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Tottenham’s season hinges on priorities

[dropcap]T[/dropcap]ottenham made it through to the Capital One Cup final with a 3-2 aggregate win over Sheffield United in midweek and will now contest the date at Wembley with London rivals Chelsea for 2014-15’s first piece of silverware.

The White Hart Lane side have the opportunity to end a seven-year trophy drought, with the club’s last triumph coming over the same opposition in the same competition back in 2008.

Elimination from the FA Cup at the hands of Leicester last weekend frustrated the North London supporters, but in reality may well be a blessing in disguise given the club’s presence in three other competitions.

A place in the Premier League’s top four and qualification for the Champions League is the holy grail for most teams, and for Spurs to progress both on and off the pitch finishing amongst English football’s elite on a regular basis is a pre-requisite.

Spurs have only ever qualified for one Champions League campaign, which heralded a fantastic run that saw the side beat both Inter and AC Milan in 2010-11; they have been the nearly men so many times since.

Mauricio Pochettino’s team have already played 38 games in all competition this term, and if they were to progress to the final of the Europa League that number would increase to a whopping 64 fixtures by the end of 2014-15.

The Europa League and the distraction of cup competitions has been Spurs downfall in recent seasons, with the squad being stretched too thin and a clear lack of direction in terms of priorities.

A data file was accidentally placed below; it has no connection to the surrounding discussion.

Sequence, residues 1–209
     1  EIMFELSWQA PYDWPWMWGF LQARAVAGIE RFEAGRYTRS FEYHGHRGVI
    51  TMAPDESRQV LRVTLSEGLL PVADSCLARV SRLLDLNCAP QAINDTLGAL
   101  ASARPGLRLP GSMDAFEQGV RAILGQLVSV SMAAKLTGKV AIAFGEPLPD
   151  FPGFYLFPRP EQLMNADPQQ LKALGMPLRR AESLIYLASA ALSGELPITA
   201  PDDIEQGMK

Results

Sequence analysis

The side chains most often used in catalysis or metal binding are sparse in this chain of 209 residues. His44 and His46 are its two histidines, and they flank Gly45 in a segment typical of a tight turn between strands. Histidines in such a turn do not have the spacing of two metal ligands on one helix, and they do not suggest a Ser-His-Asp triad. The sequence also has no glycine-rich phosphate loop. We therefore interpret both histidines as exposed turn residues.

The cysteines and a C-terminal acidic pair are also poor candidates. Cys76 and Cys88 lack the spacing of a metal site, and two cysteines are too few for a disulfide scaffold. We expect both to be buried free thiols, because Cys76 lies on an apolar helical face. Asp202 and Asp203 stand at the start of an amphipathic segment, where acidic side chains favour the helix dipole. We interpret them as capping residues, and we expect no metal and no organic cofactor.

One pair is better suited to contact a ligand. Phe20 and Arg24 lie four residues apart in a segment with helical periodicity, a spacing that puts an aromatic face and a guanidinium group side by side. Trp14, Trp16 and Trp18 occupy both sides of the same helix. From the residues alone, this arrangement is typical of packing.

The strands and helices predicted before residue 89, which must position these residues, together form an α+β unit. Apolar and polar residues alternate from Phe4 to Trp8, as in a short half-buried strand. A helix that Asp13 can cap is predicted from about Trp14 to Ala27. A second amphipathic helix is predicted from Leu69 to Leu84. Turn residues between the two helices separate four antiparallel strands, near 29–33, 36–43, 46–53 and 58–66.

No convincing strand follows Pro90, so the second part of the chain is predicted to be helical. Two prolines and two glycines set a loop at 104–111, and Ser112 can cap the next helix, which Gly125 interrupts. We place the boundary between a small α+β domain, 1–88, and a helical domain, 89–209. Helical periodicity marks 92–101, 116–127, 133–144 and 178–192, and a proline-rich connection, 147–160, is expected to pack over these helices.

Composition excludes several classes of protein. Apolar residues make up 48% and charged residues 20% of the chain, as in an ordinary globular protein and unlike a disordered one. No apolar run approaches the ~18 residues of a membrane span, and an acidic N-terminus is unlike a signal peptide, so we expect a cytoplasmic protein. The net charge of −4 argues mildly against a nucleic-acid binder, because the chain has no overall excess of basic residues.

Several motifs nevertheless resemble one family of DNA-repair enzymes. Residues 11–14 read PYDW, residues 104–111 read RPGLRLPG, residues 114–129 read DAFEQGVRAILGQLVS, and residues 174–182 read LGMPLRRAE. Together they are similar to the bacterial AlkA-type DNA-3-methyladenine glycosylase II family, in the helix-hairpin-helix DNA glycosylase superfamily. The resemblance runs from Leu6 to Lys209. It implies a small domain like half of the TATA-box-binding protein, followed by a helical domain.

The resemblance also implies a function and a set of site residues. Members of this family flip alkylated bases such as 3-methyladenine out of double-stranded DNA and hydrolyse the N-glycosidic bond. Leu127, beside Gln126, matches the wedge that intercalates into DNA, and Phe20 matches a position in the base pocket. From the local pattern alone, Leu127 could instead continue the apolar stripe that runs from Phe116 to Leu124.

Although Pochettino has a big squad at his disposal which took considerable finances to compile, there are still doubts over the quality of the back-up players and an over-reliance on the likes of Christian Eriksen, Harry Kane and Jan Vertonghen.

Christian EriksenObviously fielding the strongest side possible in the Capital One Cup final is a must, with the chance of a winning a trophy being a real boost in the Argentine manager’s first campaign with the club.

But what about the Europa League?

This season the second-tier tournament looks all the more appealing given that the eventual winners will be afforded a place in next term’s Champions League.

A gifted Fiorentina side lie in wait in the next round, but the second leg at the Stadio Artemio Franchi is to be played four days before the side’s trip to Wembley.

For the best chance to achieve either progression to the last 16 of the European competition or to win the Capital One Cup, one or the other should be prioritised.

Playing two games in the space of four days seems to be par for the course in modern football, but Spurs’ first-team have been forced to do so more than most this term.

Fatigue has taken its toll in recent campaigns, with results in the Premier League suffering in the direct aftermath of Europa League exertion.

With Spurs currently in sixth place on the Premier League table and only three points away from the promised land of the top four, this may well be viewed as a more viable way of getting into the Champions League than overcoming five more teams in the Europa League.

Pochettino has used his squad well this season, bringing a few young stars into the side with great impact and ensuring that at the beginning of February Spurs are still in the running in three competitions.

However, it is now time for the former Southampton boss to start to weigh up the importance of each tournament and prioritise; otherwise Spurs could come close but end up with nothing like in recent campaigns.

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